PRETORIA (AFP/REUTERS) - South African Judge Thokozile Masipa on Friday found Oscar Pistorius guilty of culpable homicide, after he was cleared of intentionally murdering girlfriend Reeva Steenkamp.
On the charge of murder, Judge Masipa said: "The accused is found not guilty and is discharged, instead he is found guilty of culpable homicide."
The 27-year-old Olympic and Paralympic track star, who became one of the biggest names in world athletics, stood impassively in the dock, his hands folded in front of him, as Judge Masipa delivered her verdict.
She also extended Pistorius' bail and set a date of Oct 13 for sentencing. Judge Masipa said: "I have used my discretion in favour of the accused, I grant (the) application to extend the bail."
The judge based her culpable homicide decision on the fact that Pistorius had acted unreasonably and negligently when he fired four shots from a 9mm pistol into a toilet door in his luxury Pretoria home, killing Ms Steenkamp, who was behind it, almost instantly.
Culpable homicide - South Africa's equivalent to manslaughter - carries up to 15 years in prison.
The state had argued that Pistorius was deliberately trying to kill Ms Steenkamp, a law graduate and model, after a row in the early hours of Valentine's Day last year, but Judge Masipa ruled that prosecutors had failed to prove the allegations.
Judge Masipa also found Pistorius guilty of negligently handling a gun in a restaurant, but acquitted him on two other firearm charges.
In the state's first victory after the shock dismissal of murder charges against the star athlete, the judge said Pistorius was guilty of recklessly discharging a firearm in a packed Johannesburg restaurant.
Pistorius was accused of asking to see a gun in Tasha's restaurant and while handling it under the table, the firearm went off.
"He may not have intentionally pulled the trigger... that does not absolve him of the crime of negligently handling a firearm," said Judge Masipa.
Pistorius, who had remained emotionless the whole morning, started clenching his jaw during the ruling.
Masipa had however cleared Pistorius on charges of illegally possessing ammunition, which the sprinter said belonged to his father.
She also said there was not enough evidence to suggest he was guilty of another count of shooting a gun through a car sunroof.
Pistorius returned to court on Friday after being cleared of murdering girlfriend Reeva Steenkamp.
Judge Thokozile Masipa had adjourned on Thursday seconds after saying key elements of culpable homicide were satisfied in the Valentine's Day 2013 shooting. "I am of the view that the accused acted too hastily and used excessive force. It is clear that his conduct was negligent," Judge Masipa told the packed courtroom before packing up for the day.
She also said he had not acted "reasonably" and dismissed defence arguments about Pistorius' heightened sense of fear because of his disability, saying he was not the only vulnerable person in South Africa. "Many people in this country have experienced crime or the affects thereof," she said. "Many have been victims of violent crime but they have not resorted to sleeping with firearms under their pillows."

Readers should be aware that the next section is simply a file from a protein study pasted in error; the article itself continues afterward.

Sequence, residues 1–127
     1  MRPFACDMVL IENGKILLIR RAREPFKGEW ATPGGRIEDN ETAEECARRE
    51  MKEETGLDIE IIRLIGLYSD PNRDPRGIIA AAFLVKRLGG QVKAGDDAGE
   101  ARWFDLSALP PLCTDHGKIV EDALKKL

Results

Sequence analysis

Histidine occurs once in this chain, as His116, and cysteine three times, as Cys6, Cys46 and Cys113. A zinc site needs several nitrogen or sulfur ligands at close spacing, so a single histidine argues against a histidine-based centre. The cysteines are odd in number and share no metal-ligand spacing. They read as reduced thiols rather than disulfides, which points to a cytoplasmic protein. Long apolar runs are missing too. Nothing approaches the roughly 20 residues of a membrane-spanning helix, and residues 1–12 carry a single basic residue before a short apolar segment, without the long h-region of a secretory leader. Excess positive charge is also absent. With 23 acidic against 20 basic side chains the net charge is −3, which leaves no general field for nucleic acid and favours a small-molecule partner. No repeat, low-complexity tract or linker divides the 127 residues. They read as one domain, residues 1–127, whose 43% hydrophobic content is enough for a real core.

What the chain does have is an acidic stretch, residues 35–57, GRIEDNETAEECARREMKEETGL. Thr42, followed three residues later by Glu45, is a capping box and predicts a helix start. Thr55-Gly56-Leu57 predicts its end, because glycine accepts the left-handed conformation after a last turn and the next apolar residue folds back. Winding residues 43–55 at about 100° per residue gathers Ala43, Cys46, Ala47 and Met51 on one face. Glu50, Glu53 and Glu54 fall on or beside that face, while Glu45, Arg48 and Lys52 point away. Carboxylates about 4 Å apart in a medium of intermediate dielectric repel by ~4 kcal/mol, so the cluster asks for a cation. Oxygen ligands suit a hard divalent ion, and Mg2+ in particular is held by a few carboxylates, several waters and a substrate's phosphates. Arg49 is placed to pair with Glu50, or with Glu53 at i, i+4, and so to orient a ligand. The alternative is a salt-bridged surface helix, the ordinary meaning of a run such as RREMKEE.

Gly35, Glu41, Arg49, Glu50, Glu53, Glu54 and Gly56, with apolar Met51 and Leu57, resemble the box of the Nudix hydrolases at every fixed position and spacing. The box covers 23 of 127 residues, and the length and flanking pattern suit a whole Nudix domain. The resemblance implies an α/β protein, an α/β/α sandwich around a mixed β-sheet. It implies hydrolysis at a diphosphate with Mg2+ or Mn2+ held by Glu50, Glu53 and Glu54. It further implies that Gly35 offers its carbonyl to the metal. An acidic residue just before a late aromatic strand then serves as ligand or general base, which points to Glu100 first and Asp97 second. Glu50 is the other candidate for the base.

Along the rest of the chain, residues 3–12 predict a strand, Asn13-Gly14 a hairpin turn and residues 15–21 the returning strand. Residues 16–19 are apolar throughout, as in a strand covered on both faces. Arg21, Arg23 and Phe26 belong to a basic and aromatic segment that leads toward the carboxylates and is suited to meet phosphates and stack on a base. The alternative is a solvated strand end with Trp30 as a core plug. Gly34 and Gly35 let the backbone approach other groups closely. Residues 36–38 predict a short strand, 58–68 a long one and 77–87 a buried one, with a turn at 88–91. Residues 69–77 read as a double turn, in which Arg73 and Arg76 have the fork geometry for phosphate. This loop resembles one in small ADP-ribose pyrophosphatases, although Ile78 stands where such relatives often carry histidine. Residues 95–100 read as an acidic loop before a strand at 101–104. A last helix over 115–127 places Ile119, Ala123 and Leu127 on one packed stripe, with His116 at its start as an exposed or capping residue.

Earlier, Judge Masipa ruled that prosecutors, led by the combative Gerrie Nel, had failed to prove the 27-year-old intended to kill Ms Steenkamp after an argument.
The defence said Pistorius shot Ms Steenkamp as a result of a tragic accident after mistaking her for an intruder hiding behind a locked toilet door.
As Judge Masipa delivered her not-guilty decision on the primary charge of premeditated murder, Pistorius, who would have faced at least 25 years behind bars if convicted, sat sobbing in the dock, tears streaming down his cheeks.
Culpable homicide - the South African equivalent of manslaughter - carries up to 15 years in prison but has no minimum sentence.
Although Judge Masipa described Pistorius as a "very poor" and "evasive" witness, she said it did not mean he was necessarily guilty in a case heavily reliant on circumstantial evidence. "The state has not proved beyond reasonable doubt that the accused is guilty of premeditated murder," she said. "There are just not enough facts to support such a finding."
She then proceeded to absolve Pistorius of a lesser murder charge that requires a different concept of intent, known by the legal term "dolus eventualis", which holds you responsible for the foreseeable consequences of your actions.
Legal experts said the state might question this ruling. "I think the verdict on premeditated murder is acceptable and well reasoned and not a surprise," said Mr Stephen Tuson, a law professor at Johannesburg's University of Witwatersrand. "However, on dolus eventualis, I think the state would arguably be able to appeal," he added.
The case has transfixed millions around the world who admired Pistorius, a man whose lower legs were amputated as a baby but who reached the semi-finals of the 400m at the London Olympics in 2012 running on carbon-fibre prosthetics.
That same year, Time magazine included him in its list of the world's 100 most influential people, "the definition of global inspiration".
In sports-mad South Africa, the shooting caused an even bigger impact, the stunning downfall of a sporting hero feted by black and white alike in a society still divided by its racist past.